A primary assembly about swimming
Eleven year old Ella Batchelor from Essex won a competition run by ‘Swim4life’(part of the NHS ‘Change4Life’ campaign) to invent a new swimming stroke. Ella calls her stroke the ‘Dolphinella’. The assembly describes Ella’s new stroke and looks at how swimming strokes have developed, and at the almost mystical attraction that being in the water has for enthusiasts. (Ella’s win will be formally announced by the Secretary of State for Health, Andy Burnham at this weekend's Great North Swim in Windermere.)
You need, if possible, a video of Ella and her new stroke.
Who enjoys swimming? What’s your favourite stroke? Can we name all the different swimming strokes?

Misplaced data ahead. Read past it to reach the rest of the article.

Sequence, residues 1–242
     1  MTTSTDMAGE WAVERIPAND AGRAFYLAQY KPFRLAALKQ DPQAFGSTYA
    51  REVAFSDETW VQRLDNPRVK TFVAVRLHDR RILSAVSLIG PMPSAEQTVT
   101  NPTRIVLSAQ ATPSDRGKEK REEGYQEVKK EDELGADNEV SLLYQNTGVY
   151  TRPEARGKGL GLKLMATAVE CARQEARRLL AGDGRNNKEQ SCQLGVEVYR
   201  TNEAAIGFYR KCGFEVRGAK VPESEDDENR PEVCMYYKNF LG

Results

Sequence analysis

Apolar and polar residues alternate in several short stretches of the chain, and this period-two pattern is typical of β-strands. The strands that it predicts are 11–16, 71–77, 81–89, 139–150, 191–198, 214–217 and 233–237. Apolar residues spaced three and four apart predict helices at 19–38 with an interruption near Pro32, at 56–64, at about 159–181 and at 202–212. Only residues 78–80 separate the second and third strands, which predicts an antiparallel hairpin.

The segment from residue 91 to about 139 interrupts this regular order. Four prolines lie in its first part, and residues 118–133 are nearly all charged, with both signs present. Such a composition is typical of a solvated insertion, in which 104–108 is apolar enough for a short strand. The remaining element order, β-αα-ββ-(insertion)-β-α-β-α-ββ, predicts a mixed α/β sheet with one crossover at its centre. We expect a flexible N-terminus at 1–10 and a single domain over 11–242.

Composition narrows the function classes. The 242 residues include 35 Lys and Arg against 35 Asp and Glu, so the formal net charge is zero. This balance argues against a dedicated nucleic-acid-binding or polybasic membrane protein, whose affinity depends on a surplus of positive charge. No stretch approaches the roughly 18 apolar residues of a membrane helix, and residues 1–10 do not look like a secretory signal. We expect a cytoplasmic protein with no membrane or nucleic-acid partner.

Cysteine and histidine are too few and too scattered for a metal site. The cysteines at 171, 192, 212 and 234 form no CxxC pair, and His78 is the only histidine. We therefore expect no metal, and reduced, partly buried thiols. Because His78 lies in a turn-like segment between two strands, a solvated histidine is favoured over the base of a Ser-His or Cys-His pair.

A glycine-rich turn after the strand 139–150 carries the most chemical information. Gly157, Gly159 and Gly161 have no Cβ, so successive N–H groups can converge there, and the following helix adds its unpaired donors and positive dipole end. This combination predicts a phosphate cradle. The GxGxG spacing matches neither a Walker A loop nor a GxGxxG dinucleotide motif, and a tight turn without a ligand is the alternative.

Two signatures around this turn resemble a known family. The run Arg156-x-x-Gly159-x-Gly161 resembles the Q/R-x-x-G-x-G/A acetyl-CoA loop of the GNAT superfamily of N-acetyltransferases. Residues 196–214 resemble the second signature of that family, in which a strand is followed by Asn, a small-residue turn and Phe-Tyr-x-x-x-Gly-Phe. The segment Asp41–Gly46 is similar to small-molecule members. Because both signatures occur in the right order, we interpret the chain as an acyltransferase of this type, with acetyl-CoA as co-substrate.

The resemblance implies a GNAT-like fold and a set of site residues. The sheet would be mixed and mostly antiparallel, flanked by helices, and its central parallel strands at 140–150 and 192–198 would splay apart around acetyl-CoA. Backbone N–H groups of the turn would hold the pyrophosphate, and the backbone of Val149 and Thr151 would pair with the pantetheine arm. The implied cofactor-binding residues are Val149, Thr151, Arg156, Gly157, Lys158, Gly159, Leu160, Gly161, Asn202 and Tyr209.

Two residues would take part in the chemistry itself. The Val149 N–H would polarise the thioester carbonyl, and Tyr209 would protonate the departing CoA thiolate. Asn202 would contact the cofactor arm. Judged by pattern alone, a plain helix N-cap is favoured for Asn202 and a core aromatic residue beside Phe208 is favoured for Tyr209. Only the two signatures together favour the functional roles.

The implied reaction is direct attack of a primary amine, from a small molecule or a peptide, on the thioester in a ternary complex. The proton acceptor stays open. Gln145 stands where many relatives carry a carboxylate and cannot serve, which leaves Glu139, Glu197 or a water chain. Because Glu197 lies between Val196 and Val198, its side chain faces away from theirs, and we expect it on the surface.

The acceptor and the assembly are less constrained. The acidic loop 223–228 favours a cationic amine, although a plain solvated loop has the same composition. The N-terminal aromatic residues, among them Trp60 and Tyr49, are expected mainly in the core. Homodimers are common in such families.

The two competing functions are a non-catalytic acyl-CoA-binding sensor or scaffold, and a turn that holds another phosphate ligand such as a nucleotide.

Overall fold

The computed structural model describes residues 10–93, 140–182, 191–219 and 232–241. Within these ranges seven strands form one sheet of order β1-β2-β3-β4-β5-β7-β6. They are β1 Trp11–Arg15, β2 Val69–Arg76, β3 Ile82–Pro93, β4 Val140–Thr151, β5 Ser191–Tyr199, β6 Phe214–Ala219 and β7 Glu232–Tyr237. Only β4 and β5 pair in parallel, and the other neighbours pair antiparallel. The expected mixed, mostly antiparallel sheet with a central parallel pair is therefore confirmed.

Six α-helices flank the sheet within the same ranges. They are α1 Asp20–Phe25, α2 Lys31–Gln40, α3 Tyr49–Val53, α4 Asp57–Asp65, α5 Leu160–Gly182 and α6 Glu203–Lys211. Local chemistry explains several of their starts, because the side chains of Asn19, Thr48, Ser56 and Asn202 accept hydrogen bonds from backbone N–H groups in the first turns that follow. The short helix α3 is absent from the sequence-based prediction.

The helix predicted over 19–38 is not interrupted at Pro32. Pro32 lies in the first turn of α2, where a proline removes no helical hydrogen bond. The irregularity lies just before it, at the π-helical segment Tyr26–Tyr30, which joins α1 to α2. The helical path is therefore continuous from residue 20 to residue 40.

(Write them on the whiteboard. You’ll probably end up with the ‘official’ racing strokes which are breaststroke, front crawl, backstroke, butterfly. There are others that aren’t used in racing such as doggy paddle and the once popular sidestroke.)
Do you think you could invent a new swimming stroke? After all, the strokes we swim now had to come from somewhere. Some were invented, some developed from watching animals in the water. The breaststroke came from imitating frogs. In fact, in Victorian times, children learning to swim were taught to watch frogs. In 1875 a popular magazine for boys called ‘Boys Own Paper’ told boys who wanted to learn to swim to put a frog in a bowl of water, and then lie on a stool looking down on the frog and try to imitate its movements.